Uncanny Talent Prevails in Katowice

  • Dave Oliver, Blizzard Entertainment

The Intel Extreme Masters (IEM) Katowice is always one of the most highly anticipated events of the year. It’s the first time we’re able to see players from every region across the globe compete against each other. It also boasts the largest player pool of any event, so we’re treated to nearly a full week of high-level StarCraft II games. This year, we were fortunate to catch the best of the best playing at a new peak level.

King Rogue

To say this is the best era of Lee “Rogue” Byung Ryul’s career would be an understatement. Since late July of 2017, he’s won four premier tournaments—including the World Championship Series (WCS) Global Finals at BlizzCon. While hype around Lee “INnoVation” Shin Hyung and the possibility of Eo “soO” Yoon Su claiming a long-deserved trophy, Rogue slipped in under the radar. He barely qualified to the Global Finals at all, and ended up winning the whole thing. Going into Katowice, his story was one of expectation and excitement—and he delivered.

Rogue showed us everything that defines an exceptional StarCraft II player. He was already known for excelling in long games using the entire breadth of the Zerg race, but he also proved that sharp aggression is within his wheelhouse, taking the first game of the grand final in an instant. Whenever he attacked, he hit multiple locations with perfect timing. Whenever he defended, he denied even the smallest harassment of his workers. While most players have a particular strength that they lean on, Rogue displayed prowess that positions him easily as the greatest StarCraft II player in the world today.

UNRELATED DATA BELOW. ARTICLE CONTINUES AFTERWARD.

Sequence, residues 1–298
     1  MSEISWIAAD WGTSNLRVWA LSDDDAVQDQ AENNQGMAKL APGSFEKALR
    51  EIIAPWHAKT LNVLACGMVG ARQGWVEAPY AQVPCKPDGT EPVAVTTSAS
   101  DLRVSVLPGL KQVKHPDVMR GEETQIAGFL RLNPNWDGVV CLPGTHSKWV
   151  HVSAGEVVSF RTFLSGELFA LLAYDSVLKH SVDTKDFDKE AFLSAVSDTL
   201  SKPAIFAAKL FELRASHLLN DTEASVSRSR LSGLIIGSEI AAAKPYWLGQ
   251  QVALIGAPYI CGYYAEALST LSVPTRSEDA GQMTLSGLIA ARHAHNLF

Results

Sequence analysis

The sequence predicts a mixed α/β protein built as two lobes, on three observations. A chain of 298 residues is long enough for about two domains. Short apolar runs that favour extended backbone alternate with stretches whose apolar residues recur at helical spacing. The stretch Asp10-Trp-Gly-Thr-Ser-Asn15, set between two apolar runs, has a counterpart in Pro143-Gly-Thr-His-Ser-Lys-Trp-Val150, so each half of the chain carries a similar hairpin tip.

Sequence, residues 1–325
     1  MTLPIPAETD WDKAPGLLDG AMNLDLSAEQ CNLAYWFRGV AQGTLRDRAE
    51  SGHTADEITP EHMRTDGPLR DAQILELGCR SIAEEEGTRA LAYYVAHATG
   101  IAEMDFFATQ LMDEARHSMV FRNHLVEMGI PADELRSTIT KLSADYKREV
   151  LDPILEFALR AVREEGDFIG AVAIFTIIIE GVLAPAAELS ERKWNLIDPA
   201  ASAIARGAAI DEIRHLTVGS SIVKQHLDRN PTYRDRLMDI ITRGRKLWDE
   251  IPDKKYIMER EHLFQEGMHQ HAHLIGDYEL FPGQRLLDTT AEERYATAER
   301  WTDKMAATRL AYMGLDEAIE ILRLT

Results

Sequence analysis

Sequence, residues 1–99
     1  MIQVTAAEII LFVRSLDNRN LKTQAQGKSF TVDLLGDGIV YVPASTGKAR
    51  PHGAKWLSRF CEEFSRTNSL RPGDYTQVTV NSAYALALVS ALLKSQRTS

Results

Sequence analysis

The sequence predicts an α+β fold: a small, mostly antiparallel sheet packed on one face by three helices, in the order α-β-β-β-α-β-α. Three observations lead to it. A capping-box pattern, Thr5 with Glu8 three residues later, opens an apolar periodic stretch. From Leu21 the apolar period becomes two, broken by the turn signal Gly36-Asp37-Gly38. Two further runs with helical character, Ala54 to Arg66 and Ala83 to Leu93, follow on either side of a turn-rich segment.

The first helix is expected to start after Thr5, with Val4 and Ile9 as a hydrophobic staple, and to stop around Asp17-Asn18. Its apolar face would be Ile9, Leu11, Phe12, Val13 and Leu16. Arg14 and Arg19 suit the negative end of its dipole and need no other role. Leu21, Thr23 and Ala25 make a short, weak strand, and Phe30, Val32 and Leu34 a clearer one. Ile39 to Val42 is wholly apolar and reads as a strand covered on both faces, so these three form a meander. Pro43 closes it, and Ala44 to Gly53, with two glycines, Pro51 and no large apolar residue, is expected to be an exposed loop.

Terran: The Mighty Few

Terran players had a rough go of it in Katowice. In the playoffs, only two Terran players remained out of the final 12. While they both fell to the eventual champion, Rogue, they both played at their absolute best level. In Jun “TY” Tae Yang’s first game against Rogue, the Terran player looked absolutely unstoppable. He showed us how powerful his game sense was while utilizing clutch Anti-Armor Missiles to bring down seemingly unassailable Zerg air armies.

Sadly, that wasn’t enough. Cho “Maru” Seong Ju fared a bit better in his match against Rogue and took the series to a fifth map, but he too fell to the Zerg terror. Terrans have had a rough year in both the WCS Circuit and the Global StarCraft II League (GSL)—we’ll need to see if they’re able to break out of their slump as 2018 continues.

With IEM Katowice behind us, we have a good idea which players are likely to continue making waves throughout the year. Kim “Classic” Doh Woo looked unstoppable throughout the event all the way until the finals. While he fell in an unexpected sweep, he’s still kicking in the GSL, and the quarterfinals continue on March 9th. There’s plenty more StarCraft II to come this year, and Rogue is only the first of eight players to get guaranteed seeds into the 2018 Global Finals. Stay tuned throughout the year to see who else will join him on that illustrious global stage.